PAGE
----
November in the Garden

November has arrived and although it’s relatively mild here in the south, we have had some frosts already which have done for all the colourful annuals in the garden. However, there are still plenty of plants providing interest at this time of year.

Floral and Hardy’s Top Ten Plants for November:

image of Acer palmatum dissectum ‘Atropurpureum’ –   Japanese Maple

Acer palmatum dissectum ‘Atropurpureum’ – 

Japanese Maple – a low-growing, mound-forming maple with deeply cut, rich purple foliage and, like many others of its kind,  fantastic scarlet autumn foliage.

image of Callicarpa bodinieri giraldii ‘Profusion’

Callicarpa bodinieri giraldii ‘Profusion’ – 

a medium-sized deciduous shrub with oval mid green leaves, often bronze when young, and tiny star-shaped lilac flowers in summer followed by striking clusters of polished purple fruits in autumn and winter. 

image of Erica darleyensi

Erica darleyensis  – 

low-growing evergreen with very fine, needle-like foliage, often with yellow orange tints and masses of white, pink or mauve flowers. Height 45-60cms. They’ll flower for several months but are best grown in acid soil

image of Euonymus europaeus ‘Red Cascade’

Euonymus europaeus ‘Red Cascade’– 

a large unprepossessing shrub for most of the year, but in autumn it takes on fabulous autumn colours. The gorgeous, orange-pink, winged fruit which remain long after the leaves have fallen provide a vibrant display, so plant it where it can be seen and enjoyed from the house.

image of Ilex or Holly

Ilex – 

Holly – familiar to us all, a large, dense evergreen with glossy green leaves, sometime variegated, tiny cream flowers in early summer followed by red berries. Cut some branches and bring them indoors for Christmas.

image of Iris foetidissima or stinking iris

Iris foetidissima – 

rather unfetchingly called the ‘Stinking Iris’, this may put some people off, but this is a shame as it produces, not only pretty pale yellow flowers in early summer, but also very long-lasting orange-red berries from autumn to spring. It also has attractive, evergreen, strappy foliage and is a ‘grow anywhere type’ of plant. Apparently, when cut, the leaves smell of roast beef, although I have never noticed it!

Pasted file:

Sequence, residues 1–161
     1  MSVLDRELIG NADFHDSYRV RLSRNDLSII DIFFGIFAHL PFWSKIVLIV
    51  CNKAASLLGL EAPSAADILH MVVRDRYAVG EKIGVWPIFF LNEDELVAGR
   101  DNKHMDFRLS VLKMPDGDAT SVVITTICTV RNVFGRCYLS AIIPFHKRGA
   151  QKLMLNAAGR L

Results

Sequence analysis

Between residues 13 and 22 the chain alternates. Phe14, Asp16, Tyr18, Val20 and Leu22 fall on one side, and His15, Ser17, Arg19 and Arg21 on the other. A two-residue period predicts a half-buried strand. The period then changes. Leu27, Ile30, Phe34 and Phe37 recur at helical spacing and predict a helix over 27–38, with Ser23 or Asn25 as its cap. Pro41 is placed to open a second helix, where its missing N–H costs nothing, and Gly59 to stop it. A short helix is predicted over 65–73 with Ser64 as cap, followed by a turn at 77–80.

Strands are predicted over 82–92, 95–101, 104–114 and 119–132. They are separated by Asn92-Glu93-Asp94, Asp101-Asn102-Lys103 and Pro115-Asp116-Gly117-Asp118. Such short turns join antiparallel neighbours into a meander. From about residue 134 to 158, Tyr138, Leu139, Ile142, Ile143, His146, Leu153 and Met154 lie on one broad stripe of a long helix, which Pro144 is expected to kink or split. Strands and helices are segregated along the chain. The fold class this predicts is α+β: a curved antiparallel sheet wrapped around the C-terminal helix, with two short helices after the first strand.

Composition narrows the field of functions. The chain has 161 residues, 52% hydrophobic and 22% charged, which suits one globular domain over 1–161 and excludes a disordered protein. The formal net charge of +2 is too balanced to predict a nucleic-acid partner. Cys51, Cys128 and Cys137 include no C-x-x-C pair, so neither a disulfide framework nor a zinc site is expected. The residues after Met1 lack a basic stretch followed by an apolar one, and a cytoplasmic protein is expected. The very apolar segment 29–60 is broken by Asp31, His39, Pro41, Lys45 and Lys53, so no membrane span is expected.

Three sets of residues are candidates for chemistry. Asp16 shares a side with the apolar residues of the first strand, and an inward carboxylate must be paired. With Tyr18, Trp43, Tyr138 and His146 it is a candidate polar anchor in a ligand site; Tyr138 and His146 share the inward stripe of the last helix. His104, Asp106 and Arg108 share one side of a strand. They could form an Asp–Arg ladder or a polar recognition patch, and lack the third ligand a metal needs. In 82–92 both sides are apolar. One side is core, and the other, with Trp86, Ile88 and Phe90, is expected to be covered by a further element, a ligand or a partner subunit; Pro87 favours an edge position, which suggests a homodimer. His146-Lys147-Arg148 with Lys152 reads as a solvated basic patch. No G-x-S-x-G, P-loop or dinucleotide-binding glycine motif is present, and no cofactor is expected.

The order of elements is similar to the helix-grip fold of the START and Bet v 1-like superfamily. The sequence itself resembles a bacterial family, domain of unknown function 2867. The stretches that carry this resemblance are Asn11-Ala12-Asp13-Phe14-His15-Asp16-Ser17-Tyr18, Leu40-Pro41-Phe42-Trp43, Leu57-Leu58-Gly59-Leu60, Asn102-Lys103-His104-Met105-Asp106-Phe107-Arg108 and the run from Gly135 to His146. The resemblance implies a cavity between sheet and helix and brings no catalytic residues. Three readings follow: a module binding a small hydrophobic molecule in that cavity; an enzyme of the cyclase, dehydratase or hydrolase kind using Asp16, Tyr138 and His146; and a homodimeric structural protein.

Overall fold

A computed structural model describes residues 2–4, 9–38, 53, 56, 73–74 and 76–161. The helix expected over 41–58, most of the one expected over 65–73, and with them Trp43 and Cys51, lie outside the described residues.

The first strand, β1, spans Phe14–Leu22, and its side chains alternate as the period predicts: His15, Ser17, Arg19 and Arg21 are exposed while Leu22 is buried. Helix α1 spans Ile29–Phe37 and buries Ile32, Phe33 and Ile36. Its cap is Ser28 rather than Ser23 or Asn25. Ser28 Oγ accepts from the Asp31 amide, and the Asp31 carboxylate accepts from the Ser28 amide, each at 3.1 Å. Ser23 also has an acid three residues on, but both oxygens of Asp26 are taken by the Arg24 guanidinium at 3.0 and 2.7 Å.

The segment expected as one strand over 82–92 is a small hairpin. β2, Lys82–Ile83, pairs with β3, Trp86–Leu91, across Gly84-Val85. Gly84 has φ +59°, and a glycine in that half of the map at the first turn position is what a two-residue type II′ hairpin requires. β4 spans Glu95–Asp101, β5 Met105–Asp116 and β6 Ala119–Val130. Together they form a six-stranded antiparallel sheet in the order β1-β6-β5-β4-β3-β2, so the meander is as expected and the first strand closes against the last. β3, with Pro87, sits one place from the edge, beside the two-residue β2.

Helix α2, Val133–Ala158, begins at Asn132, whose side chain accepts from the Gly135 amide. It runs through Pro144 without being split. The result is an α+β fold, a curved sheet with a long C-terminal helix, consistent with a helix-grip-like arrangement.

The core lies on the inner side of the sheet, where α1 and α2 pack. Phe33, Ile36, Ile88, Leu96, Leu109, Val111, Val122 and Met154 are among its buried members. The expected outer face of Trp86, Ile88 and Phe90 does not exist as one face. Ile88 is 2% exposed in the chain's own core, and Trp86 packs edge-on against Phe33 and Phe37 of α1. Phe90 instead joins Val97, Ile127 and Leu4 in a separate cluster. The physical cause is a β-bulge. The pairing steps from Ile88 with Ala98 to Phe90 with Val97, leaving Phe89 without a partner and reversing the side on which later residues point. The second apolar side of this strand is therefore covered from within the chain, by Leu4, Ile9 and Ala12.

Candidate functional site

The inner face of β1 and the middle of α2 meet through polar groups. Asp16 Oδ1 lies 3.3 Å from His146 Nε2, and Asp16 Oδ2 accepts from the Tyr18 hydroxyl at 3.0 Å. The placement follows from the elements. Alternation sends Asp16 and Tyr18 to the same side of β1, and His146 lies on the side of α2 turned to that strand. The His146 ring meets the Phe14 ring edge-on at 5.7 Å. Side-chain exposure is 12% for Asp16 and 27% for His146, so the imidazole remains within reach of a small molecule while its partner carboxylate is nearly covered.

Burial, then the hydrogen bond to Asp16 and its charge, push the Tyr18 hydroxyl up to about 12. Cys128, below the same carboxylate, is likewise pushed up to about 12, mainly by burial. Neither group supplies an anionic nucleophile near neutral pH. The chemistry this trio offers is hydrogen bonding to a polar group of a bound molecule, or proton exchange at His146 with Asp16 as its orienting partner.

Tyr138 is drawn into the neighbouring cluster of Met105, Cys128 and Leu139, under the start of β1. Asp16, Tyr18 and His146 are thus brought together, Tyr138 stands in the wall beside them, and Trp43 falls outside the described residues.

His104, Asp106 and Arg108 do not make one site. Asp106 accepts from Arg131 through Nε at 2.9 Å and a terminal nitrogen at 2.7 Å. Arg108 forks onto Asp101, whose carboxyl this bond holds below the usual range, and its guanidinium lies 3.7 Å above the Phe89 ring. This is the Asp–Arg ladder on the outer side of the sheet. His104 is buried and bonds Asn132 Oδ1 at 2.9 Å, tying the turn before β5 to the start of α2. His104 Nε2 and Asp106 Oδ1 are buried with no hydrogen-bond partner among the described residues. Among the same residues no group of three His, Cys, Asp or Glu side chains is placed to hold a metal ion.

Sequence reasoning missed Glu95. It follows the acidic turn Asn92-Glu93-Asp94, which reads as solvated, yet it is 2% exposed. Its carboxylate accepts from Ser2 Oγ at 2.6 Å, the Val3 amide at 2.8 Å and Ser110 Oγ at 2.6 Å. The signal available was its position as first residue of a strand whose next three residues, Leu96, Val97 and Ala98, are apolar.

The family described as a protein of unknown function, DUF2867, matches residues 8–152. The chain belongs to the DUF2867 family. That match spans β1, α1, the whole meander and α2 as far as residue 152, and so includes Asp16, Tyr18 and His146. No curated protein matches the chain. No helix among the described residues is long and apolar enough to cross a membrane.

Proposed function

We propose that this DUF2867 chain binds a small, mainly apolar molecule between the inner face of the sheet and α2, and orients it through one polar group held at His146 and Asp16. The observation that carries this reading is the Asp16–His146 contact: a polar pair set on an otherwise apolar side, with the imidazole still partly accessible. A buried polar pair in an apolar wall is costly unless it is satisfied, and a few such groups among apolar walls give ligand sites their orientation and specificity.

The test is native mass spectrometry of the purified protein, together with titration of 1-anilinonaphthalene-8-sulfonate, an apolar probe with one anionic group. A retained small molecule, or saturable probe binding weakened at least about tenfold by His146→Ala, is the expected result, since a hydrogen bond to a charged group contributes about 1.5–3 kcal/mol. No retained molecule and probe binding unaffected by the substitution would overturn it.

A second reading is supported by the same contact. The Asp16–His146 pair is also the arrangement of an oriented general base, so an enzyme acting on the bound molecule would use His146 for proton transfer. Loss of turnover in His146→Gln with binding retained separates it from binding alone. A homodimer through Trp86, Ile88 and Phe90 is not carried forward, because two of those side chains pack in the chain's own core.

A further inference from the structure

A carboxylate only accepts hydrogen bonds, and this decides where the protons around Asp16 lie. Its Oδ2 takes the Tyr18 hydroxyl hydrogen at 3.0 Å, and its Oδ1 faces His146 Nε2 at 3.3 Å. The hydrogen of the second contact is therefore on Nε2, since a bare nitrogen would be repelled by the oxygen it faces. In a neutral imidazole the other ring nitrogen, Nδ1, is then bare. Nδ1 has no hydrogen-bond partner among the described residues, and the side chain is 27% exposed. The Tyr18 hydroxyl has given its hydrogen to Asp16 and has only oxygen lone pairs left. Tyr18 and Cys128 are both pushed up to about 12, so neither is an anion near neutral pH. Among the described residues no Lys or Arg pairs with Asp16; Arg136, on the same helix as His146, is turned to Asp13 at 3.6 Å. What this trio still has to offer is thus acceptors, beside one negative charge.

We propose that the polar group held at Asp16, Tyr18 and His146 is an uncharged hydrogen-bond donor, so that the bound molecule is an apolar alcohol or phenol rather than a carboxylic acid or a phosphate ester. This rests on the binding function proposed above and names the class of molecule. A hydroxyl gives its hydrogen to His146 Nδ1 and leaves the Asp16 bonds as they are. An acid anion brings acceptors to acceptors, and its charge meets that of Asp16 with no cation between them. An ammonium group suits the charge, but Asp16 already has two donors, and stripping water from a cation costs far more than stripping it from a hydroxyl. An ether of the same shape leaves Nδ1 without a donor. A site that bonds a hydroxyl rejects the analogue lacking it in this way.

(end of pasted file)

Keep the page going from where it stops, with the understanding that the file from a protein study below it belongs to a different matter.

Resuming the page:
image of Liriope muscari –   Lilyturf

Liriope muscari – 

Lilyturf – coming to the end of its season, but still a valuable source of late colour, this perennial has spikes of purple flowers above evergreen, grassy, dark green foliage. Height 20-25cms.

image of Miscanthus sinensis ‘Silberfeder’

Miscanthus sinensis ‘Silberfeder’ – 

a spectacular, towering grass with plumes of silvery pink flowers in late summer. Leave them standing through the winter as they look fabulous in the low autumn light and with winter frosts.

image of Pyracantha

Pyracantha  – 

large, prickly, evergreen wall shrub with cream flowers for the bees in June and red, orange or yellow berries for the birds in winter.

image of Viburnum bodnantense ‘Dawn’

Viburnum bodnantense ‘Dawn’  – 

not for the small garden perhaps, this is a large erect deciduous shrub with many clusters of fragrant pink flowers in winter. Height 2-3ms. Plant near entrances to take advantage of the perfume, or cut some and bring it indoors.

Top Tip: Berrying plants provide a valuable source of food for birds, but if you don’t want the berries stripped from your plants choose the lighter coloured ones – the red ones tend to go first!

November Tips and Advice:

1. As the last of the leaves fall from the trees, have a good tidy up and clear them all away from the borders and from the lawn. Put them on the compost heap, if you’ve got one. If not you can bag them up in black sacks with a few holes in them – they’ll rot down over winter to produce a good leafy mulch for next year.

2. Give the lawn its final cut, but not if it’s frosty or wet.

3. If you live in a mild area you can prune your roses now (leave it until March if you don’t). Cut the stems back to an outward facing bud with a slanting cut so that rain doesn’t sit on the top, causing it to rot. Don’t worry too much about technique though, as roses are surprisingly tolerant.

4. If you have ordered bare-rooted roses, they’ll be arriving shortly – get them unpacked and planted in well-prepared ground as soon as you can so that they don’t dry out.

5. It’s not too late to plant deciduous trees, shrubs and climbers as the soil’s still warm enough for them to make some new root growth before winter, but evergreens should wait until spring. Bare-rooted trees and shrubs are particularly good value.

6. This is the latest month to plant Tulips.

7. If you haven’t already, move any tender plants you have in pots, such as Bananas, Tree Ferns, Cannas, Colocasias and Agapanthus, into the greenhouse to protect them from frost.

8. If your tender plants are growing in the ground, and you live in a milder area, you can protect them with straw in the crowns, or in the case of bananas, with tall terracotta chimney pots or drainpipes stuffed with straw.

9. Alternatively, once the foliage is blackened by frosts, you can lift Dahlia, Colocasia and Canna tubers, remove the foliage to within 5-8cms of the tuber and dry out, removing any parts that look as though they may have rotted. Store in boxes of dry bark chippings, crowns exposed, in a cool, dry, frost-free place.

10. If you’ve got a water feature it’s advisable, though not essential, to remove submersible pumps for the winter. Clean them and store in a dry place. If you leave them in though, just run the pump every week or so during the winter.

By Helen Ellison, Garden Designer

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